In addition to our analyses of genetic associations, we also explored interactions between dietary intake and IRS1 SNPs. SNPs rs7578326 G allele and rs2943641 T allele showed more beneficial effects on HOMA-IR, fasting insulin, and MetS than the CC genotype only when the SFA-to-carbohydrate ratio was low. These results were further confirmed by the haplotype analyses. Our findings, consistent with another observational study (14), suggested a protective effect of a diet high in carbohydrate or low in fat on diabetes for men with the rs2943641 T allele. In contrast, rs2943641 showed a different interaction pattern with dietary carbohydrate and fat for HOMA-IR and fasting insulin in an intervention study (13). Specifically, the CC genotype carriers had a greater improvement of insulin and HOMA-IR than the other genotypes when consuming high-carbohydrate and low-fat diets. The inconsistencies between the current study and the previous intervention study may be attributed to the different ranges of dietary intake and the study designs. For example, average carbohydrate intake in the high-carbohydrate, low-fat dietary group was 65% energy in the previous intervention study (13), whereas the median carbohydrate intake was only 49.1% energy in GOLDN and 51.5% energy in the BPRHS. Of concern, high-quality carbohydrate-rich foods with a low GI were used in that study (13), whereas combined sources of carbohydrate intake were evaluated in our study, and we, for the first time, reported significant interactions between dietary GL and GI and IRS1 variants for insulin resistance and related phenotypes. Therefore, carbohydrate quantity and quality may be the most relevant sources of inconsistencies between the current study and the previous one. However, the precise mechanism for the observed inconsistencies still needs further investigation. In addition, the previous intervention study (13) did not explicitly evaluate macronutrients separately because fat and carbohydrate were both altered simultaneously. Our study clearly shows that the dietary SFA-to-carbohydrate ratio and carbohydrate quantity and quality were the important dietary factors contributing to the interactions with IRS1 SNPs. In addition, dietary MUFA was found to interact with IRS1 variants for insulin resistance in both populations. Our results provide consistent evidence that the T allele of rs2943641 and the G allele of rs7578326 were associated with lower levels of insulin resistance or its related phenotypes under certain dietary conditions, including a low SFA-to-carbohydrate ratio, low MUFA intake, or low GL or GI .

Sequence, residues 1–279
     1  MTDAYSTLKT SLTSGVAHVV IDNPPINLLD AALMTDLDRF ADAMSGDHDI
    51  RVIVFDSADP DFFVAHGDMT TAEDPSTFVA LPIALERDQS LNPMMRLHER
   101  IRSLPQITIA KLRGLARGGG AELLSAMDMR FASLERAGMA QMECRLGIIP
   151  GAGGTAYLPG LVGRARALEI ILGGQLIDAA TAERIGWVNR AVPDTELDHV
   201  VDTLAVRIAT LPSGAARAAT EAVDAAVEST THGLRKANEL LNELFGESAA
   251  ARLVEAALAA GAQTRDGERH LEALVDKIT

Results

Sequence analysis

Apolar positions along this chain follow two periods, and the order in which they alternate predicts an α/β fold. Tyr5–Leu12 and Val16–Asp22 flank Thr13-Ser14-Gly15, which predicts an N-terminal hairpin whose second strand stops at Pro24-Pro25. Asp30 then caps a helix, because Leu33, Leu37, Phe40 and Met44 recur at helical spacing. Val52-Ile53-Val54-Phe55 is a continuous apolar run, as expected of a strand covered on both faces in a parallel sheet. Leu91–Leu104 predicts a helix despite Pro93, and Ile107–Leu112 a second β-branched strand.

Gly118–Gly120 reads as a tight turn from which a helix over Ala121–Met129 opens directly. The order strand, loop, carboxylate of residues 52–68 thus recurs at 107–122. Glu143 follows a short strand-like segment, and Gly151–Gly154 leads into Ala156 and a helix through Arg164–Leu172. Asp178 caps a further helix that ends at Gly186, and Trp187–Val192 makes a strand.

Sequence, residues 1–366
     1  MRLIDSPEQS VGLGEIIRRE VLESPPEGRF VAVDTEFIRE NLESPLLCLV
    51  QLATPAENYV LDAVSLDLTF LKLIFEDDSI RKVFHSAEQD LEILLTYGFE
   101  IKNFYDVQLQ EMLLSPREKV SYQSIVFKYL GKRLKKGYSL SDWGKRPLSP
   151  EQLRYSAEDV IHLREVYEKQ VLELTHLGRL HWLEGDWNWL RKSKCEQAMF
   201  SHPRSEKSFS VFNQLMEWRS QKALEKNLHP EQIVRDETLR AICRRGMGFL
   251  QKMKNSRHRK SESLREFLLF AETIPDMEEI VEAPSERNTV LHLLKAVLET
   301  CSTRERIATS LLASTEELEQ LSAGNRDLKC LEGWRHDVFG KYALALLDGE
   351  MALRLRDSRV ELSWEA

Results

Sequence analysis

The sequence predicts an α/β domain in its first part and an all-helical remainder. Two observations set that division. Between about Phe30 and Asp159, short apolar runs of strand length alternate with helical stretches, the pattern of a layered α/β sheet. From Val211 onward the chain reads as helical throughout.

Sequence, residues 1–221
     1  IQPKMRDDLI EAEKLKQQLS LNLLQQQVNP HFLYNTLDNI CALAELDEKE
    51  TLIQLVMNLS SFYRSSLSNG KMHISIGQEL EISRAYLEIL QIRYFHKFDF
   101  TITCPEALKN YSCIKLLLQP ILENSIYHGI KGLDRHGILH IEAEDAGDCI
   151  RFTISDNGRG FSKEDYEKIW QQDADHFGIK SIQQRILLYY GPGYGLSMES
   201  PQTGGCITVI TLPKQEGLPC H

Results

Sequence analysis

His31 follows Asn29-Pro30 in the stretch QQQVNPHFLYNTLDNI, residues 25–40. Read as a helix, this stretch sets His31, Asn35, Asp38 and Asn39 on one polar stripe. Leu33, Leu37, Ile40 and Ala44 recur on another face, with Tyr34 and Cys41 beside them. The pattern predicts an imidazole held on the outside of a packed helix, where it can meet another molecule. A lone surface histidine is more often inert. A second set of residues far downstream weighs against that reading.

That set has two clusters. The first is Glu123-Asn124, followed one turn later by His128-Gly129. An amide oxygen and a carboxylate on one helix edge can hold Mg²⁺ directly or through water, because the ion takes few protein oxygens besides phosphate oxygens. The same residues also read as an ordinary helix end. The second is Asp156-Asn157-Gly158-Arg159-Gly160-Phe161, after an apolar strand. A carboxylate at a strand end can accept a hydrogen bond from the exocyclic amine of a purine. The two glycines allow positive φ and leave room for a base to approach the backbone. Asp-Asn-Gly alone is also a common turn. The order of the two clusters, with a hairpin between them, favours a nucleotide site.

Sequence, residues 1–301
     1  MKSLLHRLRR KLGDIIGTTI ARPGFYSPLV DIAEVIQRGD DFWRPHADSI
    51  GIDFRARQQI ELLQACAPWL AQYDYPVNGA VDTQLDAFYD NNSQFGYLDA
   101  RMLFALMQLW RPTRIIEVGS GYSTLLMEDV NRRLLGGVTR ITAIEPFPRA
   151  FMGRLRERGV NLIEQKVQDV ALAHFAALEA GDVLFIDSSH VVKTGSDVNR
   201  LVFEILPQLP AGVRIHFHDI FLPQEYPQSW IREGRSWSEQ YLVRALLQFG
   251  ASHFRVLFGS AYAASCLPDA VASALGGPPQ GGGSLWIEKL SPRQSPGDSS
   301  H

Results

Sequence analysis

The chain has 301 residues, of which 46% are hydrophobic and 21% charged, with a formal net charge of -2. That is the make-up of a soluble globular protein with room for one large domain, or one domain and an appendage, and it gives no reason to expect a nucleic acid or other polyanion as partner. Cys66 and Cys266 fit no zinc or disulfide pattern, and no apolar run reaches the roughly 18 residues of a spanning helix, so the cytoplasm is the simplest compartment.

The potential mechanisms for these interactions may be related to lipid-induced insulin resistance (33). A high-fat diet was associated with a reduction in tyrosine phosphorylation and an increase in serine phosphorylation of IRS1, thus leading to the suppression of downstream PI3K activity and decreased insulin sensitivity (33). When dietary fat intake was low, reduced levels of IRS1 protein associated with carrying the risk allele C of rs2943641 could still suppress the downstream PI3K activity (7), thereby increasing insulin resistance. In contrast, the T allele tended to be protective and associated with the enhancement of PI3K activity. These hypotheses may provide a plausible explanation for our results. Insulin resistance for subjects carrying the rs2943641T allele and with low fat (MUFA, total fat, or SFA) intake was lower compared with subjects carrying the CC genotype or compared with subjects carrying either genotype with high fat intake. In addition, the interaction of IRS1 variants with GL or GI was also plausible, as high-GI foods could induce higher blood glucose and be associated with insulin resistance and diabetes (34). It might be that the protective effect of the IRS1 nonrisk allele was enhanced only when dietary GL or GI was low. However, the precise mechanism for the interaction remains to be clarified. Another concern is whether the interaction of IRS1 with dietary fat on MetS was confounded by the correlation between triglycerides, HDL-C, and dietary fat. However, our analyses ensured that the significant interaction was independent of the main effect of dietary fat, and no significant interaction for triglycerides, HDL-C, or other MetS components was found.